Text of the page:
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Star Wars Clones Still Don't Get Any Respect In Bad Batch Season 2

While fans understand that clone troopers play a massive role in "Star Wars," they also recognize the tragic truth behind the clones.

"Star Wars" first introduce the clones in the aptly-titled "Episode II: Attack of the Clones." The movie reveals that Jedi Master Sifo-Dyas commissioned their creation to protect the Galactic Republic from potential threats. Eventually, Chancellor Palpatine used them to kill the Jedi, overthrow the Republic, and form the Galactic Empire, securing his position of power over the entire galaxy. Beginning with their creation, the Republic only ever used the clones as an instrument to reach their goals. Whether fighting against Dooku's droid army or exterminating the Jedi, everyone used the clones as tools rather than people.

Once the Empire took power, they didn't need the clones anymore, deeming them unfit for military service and retiring them in favor of human Storm Troopers. "Star Wars" fans can't look past the Empire's betrayal of the soldiers that helped put them in their position of power. In "Obi-Wan Kenobi," Temuera Morrison camoed as a homeless clone, showing casual audiences the mistreatment of the veterans. "The Bad Batch" showed fans another side of "Star Wars," where a group of clones resists Order 66 and sees their fellow troopers turn against them in favor of the Empire. The trend continues with "The Bad Batch" Season 2, as the series further showcases the lack of respect toward the clones.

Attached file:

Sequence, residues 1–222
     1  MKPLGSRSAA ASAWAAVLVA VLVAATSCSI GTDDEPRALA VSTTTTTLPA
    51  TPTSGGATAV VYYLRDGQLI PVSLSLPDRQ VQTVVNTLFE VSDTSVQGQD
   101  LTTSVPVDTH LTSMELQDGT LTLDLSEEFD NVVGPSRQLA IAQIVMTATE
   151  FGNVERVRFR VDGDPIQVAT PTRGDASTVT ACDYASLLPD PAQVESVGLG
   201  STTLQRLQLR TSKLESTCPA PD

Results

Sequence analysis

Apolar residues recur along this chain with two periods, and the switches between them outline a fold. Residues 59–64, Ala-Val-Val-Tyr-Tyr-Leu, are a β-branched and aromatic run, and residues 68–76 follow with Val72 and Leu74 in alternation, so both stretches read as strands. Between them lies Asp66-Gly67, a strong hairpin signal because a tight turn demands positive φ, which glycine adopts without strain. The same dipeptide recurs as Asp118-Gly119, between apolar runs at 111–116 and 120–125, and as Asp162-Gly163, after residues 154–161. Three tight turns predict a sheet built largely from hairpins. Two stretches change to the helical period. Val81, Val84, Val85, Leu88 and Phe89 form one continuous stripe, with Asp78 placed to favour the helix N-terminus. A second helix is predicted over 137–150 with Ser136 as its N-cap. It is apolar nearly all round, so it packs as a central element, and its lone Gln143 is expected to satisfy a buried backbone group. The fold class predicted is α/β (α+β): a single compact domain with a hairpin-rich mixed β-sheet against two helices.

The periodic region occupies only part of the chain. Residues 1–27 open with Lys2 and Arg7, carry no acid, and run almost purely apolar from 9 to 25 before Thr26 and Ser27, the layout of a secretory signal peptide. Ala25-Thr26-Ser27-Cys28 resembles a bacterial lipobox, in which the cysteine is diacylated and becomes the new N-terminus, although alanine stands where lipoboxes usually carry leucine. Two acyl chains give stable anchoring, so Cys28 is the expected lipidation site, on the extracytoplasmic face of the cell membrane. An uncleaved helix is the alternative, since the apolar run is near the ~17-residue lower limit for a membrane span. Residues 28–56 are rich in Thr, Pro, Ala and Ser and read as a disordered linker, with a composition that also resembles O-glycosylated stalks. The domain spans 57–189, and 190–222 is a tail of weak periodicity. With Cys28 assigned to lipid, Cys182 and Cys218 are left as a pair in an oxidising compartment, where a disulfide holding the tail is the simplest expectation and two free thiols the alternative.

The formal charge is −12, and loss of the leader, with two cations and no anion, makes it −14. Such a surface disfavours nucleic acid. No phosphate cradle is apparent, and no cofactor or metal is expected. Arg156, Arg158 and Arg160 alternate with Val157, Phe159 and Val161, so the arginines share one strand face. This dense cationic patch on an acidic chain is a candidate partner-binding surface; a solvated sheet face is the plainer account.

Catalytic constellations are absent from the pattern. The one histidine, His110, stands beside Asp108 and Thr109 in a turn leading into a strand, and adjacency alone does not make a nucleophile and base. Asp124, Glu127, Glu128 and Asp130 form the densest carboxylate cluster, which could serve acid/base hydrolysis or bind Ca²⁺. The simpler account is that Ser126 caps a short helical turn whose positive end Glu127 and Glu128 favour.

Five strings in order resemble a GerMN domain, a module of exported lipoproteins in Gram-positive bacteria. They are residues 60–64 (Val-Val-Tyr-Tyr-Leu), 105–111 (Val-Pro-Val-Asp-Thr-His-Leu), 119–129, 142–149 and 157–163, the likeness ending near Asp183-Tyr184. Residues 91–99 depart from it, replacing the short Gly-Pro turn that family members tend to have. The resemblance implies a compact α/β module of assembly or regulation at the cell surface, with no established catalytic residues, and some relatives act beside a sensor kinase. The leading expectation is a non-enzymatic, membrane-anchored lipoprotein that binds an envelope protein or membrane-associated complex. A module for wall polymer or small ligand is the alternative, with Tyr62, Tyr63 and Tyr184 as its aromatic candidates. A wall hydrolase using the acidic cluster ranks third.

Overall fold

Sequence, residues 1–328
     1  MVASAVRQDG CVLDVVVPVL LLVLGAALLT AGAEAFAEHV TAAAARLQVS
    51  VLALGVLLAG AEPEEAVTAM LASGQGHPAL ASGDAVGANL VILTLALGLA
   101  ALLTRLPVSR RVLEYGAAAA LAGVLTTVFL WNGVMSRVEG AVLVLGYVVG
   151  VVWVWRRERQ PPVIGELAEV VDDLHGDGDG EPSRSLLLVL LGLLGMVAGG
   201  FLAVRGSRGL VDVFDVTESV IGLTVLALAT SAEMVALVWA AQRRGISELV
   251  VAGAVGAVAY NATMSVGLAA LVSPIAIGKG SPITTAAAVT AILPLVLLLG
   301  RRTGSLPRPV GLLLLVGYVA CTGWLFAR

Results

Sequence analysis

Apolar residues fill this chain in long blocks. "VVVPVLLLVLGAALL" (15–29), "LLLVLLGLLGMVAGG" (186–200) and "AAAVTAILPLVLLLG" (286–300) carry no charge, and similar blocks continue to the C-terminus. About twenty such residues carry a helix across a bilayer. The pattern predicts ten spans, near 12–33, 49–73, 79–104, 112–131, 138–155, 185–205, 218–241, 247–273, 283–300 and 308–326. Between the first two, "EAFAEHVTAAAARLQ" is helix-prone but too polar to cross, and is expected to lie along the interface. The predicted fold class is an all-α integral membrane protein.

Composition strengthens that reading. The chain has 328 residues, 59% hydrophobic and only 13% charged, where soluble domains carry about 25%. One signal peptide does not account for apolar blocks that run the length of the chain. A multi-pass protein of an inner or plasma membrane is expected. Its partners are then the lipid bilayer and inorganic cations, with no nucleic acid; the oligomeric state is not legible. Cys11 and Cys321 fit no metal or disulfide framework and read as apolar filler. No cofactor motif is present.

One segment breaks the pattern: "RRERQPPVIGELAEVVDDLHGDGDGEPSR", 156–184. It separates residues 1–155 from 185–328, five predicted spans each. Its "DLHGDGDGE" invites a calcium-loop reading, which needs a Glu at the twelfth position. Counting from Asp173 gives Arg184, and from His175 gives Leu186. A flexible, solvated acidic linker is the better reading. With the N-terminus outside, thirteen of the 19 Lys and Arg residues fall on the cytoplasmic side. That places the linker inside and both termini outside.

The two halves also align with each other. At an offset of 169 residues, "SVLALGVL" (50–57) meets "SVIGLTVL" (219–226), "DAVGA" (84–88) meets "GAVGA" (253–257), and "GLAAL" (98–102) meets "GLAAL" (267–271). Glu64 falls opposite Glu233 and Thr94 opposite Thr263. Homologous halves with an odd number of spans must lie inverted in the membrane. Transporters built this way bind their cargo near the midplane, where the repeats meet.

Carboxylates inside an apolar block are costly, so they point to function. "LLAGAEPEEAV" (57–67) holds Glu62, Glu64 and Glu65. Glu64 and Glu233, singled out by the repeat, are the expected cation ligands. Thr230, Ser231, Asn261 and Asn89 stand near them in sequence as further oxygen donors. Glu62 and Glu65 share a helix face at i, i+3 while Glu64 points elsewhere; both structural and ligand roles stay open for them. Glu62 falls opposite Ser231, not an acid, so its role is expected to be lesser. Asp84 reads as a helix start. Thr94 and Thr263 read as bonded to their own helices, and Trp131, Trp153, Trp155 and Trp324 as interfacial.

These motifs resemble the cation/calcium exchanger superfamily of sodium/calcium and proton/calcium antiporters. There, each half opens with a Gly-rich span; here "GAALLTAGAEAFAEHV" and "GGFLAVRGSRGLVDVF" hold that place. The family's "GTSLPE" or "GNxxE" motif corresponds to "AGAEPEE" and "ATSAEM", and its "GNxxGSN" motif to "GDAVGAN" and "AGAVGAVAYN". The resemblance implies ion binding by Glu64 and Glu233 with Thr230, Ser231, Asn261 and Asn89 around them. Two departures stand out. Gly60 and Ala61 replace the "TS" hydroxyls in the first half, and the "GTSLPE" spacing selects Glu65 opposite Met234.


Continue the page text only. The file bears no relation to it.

The Bad Batch is the story of what happened to the clones

"The Bad Batch" continues to explore the Empire's transition from clones to stormtroopers, showing the beginnings of the stormtrooper program on Daro. The Empire's treatment of the clones is at the forefront of the series, showing there's room to tell a mature story within the animated boundaries of "Star Wars."

During an interview with IGN, "The Bad Batch" star Dee Bradley Baker reflected on how Season 2 continues to explore the lives of clone troopers in the aftermath of Order 66. "The clones that are still around, that are still of some use, they're being used for what they are, but they are ultimately expendable," the actor said. "They are disposed of, as we saw very clearly at the end of Season 1. So it's interesting to see how these poor clone soldiers slowly wake up to how this is playing out for everybody, as well as for themselves."  

While the clones are inherently copies of Jango Fett — giving them each that iconic Temuera Morrison look — many of them have developed into their own personalities, and "The Bad Batch" showcases the uniqueness found within them. "It just so interesting," producer Brad Rau told Agents of Fandom, "you have these characters that were created in this very insidious way in the prequels. How Dave [Filoni] and team in 'The Clone Wars' digs into each one of them, and you get to learn that Rex, he's not just a copy of a copy of a copy, but he's Rex. He's his own self." "The Bad Batch" continues what Filoni started, bringing Baker back as a new group of clones but still diving into the personalities that set them apart from the masses.